Finally, what do people feel about the idea of selectively breeding dogs that are better able to cope with being left for hours? On the face of it, that sounds reasonable, doesn’t it? After all, no one likes to think of their poor dog pacing and howling for hours on end so, if anything can be done to breed dogs that are less anxious generally, that has to be a good thing, right? Then I got to thinking that surely one of the things we love about our dogs is how much they seem to love being with us too? Is it possible that, if we were to deliberately breed for dogs that didn’t mind being left alone, we might actually eventually lose part of what makes a dog a dog? After all, if you want a pet that really doesn’t mind whether you have to go out to work all day or not, you can always get a cat!
Autism in humans is recognised as a developmental disability that normally becomes apparent during the first two years of a child’s life and affects how that child communicates with, and relates to, other people, as well as how he/she makes sense of the world.
Although those with autism share certain difficulties, their condition will affect them in different ways. Some are able to live relatively independent lives while others may have accompanying learning disabilities as well as experiencing over or under-sensitivity to sound, touch, taste, smell, light and colours. The cause or causes of autism are still open to debate, with both genetic and environmental factors suspected of contributing.
The question as to whether or not dogs can suffer from autism has still to be fully answered. While it is not thought that a dog can become autistic, some do suspect a puppy whose parent(s) have been exposed to various toxins, including excess vaccines, could be born with the condition.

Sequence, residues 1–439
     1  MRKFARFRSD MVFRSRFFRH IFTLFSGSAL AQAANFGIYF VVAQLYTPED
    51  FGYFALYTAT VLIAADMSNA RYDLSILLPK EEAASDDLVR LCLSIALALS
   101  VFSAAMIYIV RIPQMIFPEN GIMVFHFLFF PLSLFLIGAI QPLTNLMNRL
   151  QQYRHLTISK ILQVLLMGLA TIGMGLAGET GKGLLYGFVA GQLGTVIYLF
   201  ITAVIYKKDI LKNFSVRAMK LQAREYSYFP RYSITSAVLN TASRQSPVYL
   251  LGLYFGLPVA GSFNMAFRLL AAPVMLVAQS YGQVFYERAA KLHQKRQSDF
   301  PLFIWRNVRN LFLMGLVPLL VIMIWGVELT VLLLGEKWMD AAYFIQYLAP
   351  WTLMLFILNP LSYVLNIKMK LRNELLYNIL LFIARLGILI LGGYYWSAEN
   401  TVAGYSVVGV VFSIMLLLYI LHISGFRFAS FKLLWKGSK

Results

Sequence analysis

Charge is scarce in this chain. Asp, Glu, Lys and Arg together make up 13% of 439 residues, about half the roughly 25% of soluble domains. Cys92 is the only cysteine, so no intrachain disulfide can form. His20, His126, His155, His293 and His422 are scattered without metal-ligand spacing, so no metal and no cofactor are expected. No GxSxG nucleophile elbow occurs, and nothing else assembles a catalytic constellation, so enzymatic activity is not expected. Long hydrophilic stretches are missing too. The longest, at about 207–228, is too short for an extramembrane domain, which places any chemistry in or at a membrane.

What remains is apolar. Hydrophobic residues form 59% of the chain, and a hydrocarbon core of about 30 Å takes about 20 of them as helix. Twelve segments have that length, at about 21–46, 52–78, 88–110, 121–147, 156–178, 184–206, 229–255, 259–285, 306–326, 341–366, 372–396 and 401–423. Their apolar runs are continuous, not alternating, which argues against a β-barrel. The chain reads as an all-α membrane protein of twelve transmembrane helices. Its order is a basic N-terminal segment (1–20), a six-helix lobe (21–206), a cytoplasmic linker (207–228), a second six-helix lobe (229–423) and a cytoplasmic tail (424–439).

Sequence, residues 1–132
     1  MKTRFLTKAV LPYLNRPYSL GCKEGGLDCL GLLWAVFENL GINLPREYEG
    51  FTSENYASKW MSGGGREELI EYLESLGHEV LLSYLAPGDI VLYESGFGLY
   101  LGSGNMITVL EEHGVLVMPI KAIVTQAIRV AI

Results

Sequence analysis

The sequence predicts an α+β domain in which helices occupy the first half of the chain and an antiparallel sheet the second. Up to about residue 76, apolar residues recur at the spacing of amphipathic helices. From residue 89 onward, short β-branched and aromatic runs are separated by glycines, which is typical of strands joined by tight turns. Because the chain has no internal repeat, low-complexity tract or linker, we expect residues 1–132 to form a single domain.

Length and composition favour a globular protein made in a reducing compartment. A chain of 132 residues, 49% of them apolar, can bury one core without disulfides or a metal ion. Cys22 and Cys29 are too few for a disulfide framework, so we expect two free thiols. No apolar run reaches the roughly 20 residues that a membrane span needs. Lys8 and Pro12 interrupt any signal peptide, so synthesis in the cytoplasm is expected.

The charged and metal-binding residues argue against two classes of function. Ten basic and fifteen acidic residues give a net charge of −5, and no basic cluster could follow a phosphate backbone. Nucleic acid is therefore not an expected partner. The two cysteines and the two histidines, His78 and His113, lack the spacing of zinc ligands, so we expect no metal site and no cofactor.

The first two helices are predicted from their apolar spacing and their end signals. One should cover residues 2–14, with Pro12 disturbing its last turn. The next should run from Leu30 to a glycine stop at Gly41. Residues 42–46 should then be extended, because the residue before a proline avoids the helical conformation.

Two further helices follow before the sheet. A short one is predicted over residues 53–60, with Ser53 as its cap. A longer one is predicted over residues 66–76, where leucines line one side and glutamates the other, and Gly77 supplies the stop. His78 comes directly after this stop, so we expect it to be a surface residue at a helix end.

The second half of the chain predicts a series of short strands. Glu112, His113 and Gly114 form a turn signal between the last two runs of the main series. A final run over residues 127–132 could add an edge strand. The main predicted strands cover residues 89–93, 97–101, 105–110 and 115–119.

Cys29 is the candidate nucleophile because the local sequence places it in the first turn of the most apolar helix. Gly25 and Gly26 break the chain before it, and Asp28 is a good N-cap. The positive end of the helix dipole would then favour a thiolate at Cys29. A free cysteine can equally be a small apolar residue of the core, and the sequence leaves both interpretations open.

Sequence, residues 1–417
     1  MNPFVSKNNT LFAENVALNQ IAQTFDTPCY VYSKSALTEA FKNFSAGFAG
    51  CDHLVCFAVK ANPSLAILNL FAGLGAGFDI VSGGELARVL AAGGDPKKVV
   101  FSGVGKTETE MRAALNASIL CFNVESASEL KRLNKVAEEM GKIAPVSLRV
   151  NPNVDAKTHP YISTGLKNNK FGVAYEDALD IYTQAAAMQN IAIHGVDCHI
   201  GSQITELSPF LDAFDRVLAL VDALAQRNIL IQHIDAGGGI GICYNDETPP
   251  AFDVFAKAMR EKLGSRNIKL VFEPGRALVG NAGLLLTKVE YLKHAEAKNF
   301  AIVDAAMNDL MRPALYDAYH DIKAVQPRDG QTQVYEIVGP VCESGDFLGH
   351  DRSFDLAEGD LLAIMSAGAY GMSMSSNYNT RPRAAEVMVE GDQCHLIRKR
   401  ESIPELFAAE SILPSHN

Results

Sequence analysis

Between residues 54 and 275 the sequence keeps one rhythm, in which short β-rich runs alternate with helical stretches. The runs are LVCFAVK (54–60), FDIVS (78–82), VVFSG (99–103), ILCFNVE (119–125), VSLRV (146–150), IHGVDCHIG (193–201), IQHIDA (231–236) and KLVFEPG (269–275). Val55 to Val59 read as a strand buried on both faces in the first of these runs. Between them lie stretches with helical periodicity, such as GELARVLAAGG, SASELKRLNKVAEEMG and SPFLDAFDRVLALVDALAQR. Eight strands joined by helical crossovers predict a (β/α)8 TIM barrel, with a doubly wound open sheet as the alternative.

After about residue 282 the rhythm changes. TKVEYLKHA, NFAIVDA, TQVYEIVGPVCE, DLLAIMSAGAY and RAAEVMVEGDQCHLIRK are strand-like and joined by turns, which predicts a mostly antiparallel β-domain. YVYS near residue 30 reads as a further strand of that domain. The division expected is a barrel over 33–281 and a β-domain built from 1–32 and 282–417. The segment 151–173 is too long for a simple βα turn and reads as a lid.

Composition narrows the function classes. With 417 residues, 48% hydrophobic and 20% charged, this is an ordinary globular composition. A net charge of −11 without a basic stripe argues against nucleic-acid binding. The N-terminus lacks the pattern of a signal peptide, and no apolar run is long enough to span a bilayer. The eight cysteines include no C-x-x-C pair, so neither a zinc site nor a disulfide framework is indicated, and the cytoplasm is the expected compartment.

The main symptoms of canine autism might include:
- Dysfunctional interaction with other dogs and/or humans.
- Restricted behaviour including avoiding new activities.
- Repetitive actions. Dogs with autism may prefer to stick to a routine.
- Apathy and lack of activity even if the breed is a high energy dog.
- Bizarre ‘organising’ of toys and objects according to size or colour etc.
Typically, symptoms of autism would be present from early puppyhood and the puppy may not interact properly with the rest of his siblings or parents. A puppy suffering from autism may also show lack of interest in food and/or games.
If you suspect that your dog may be autistic you should discuss his condition with your vet in order to rule out any other possible causes for his behaviour. It will be important to try and keep to a routine as any changes are likely to create additional stress. Even simple things like moving furniture around in your home or taking a different route on a walk may trigger insecurity or panic. You should also ensure your dog has his own quiet place – eg a crate – where he can feel comfortable and safe at all times and make sure everyone around him gives him the space he needs, as well as avoiding direct eye contact if that upsets him.
Positive reinforcement is a good thing and all punishment is wrong, right? Eh, well no, positive punishment is out, but negative punishment is OK. In fact, negative punishment goes hand in hand with positive reinforcement, but not with negative reinforcement. Confused? Who isn’t?